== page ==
Lawn Watering in Excess in Denver Provides More Water Than Rain

Lawn Watering in Excess in Denver Provides More Water Than Rain

Lawn watering in excess may contribute to flow in urban streams when more water is applied than plants can use or when sidewalks or driveways receive water from mis-aimed sprinklers.

Lawn Watering in Excess has Unintended Consequences

Lawn watering in excess of what plants need or misdirecting sprinklers to spray onto sidewalks or driveways may cause tap water to end up in urban streams. This could become problematic in arid and semi-arid cities during times of drought when water supplies are already tight – especially in urban and suburban areas in the Southwest – because summertime outdoor water use can soar to a whopping 60 percent of water use.

Researchers from Colorado State University and Kent State University applied a new approach to estimating how much of streamflow in urban streams in Denver, Colorado came from excess lawn watering and other urban tap water sources. By using a tracer that can detect the difference between tap water and local rain, the study evaluated 13 urban streams and two grassland streams in the Denver area.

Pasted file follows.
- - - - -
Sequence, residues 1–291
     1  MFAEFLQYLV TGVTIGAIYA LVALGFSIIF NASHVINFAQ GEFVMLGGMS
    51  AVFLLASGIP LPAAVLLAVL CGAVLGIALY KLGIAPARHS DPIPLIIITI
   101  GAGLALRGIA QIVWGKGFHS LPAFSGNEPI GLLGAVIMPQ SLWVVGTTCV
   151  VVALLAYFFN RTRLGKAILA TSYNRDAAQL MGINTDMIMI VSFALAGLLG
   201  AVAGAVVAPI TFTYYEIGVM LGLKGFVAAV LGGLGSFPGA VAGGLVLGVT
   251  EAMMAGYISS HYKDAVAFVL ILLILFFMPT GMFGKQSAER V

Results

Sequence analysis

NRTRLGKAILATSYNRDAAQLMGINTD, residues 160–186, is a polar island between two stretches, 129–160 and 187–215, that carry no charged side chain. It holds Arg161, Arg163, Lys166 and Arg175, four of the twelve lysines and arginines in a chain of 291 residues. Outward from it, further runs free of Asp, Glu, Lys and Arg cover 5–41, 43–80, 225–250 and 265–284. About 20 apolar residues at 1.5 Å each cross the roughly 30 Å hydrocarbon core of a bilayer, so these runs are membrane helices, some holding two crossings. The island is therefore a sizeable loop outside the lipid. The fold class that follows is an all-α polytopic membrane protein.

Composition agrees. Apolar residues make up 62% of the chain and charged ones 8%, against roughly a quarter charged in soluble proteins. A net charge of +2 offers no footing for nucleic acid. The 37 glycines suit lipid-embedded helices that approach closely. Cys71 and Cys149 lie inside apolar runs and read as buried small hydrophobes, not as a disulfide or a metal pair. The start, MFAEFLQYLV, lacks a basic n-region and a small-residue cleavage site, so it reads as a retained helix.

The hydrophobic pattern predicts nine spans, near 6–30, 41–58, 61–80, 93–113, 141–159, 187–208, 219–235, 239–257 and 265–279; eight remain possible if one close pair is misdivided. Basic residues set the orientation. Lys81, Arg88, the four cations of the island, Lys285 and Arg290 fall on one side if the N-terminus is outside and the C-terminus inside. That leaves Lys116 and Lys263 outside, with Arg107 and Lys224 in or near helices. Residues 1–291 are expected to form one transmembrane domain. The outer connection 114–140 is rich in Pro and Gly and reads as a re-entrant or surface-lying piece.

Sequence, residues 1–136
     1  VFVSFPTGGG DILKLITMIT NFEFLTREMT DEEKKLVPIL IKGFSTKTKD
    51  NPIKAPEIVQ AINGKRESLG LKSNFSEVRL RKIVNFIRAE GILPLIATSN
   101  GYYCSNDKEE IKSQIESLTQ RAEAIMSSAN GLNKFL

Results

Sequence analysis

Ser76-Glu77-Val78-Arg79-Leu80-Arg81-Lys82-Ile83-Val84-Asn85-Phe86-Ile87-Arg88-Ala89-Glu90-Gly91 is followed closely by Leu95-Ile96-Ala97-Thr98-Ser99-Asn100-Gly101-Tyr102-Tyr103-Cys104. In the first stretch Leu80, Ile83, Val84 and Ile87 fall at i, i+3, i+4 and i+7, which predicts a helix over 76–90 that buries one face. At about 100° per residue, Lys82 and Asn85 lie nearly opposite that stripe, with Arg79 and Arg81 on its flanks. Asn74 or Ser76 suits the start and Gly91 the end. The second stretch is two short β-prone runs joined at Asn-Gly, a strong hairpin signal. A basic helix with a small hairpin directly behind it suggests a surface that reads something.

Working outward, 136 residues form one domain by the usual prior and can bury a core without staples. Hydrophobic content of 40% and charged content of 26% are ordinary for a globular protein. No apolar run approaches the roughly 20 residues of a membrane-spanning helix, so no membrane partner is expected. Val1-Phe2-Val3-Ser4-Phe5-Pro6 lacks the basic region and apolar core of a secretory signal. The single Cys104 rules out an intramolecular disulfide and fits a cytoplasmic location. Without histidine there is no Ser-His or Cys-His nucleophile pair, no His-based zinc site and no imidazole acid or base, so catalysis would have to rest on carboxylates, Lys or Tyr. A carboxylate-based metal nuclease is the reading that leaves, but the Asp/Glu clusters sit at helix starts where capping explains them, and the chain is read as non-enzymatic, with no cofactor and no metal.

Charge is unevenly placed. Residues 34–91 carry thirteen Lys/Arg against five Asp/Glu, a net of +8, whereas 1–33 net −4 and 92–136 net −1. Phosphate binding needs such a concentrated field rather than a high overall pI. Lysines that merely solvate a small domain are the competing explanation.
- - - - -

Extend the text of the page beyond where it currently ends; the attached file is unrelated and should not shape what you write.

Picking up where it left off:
Researchers found that, on the days they analyzed that had dry weather, over 65% of flow in urban streams was from tap water. Lawn watering contributed more than other tap water uses like leaks from water pipes (which accounts for 12 to 13 percent of household water use).

According to the study authors, this work can help water managers analyze water sources in urban areas and better understand the “consequences for water quality and water rights for downstream users.”

[Water Resources Research]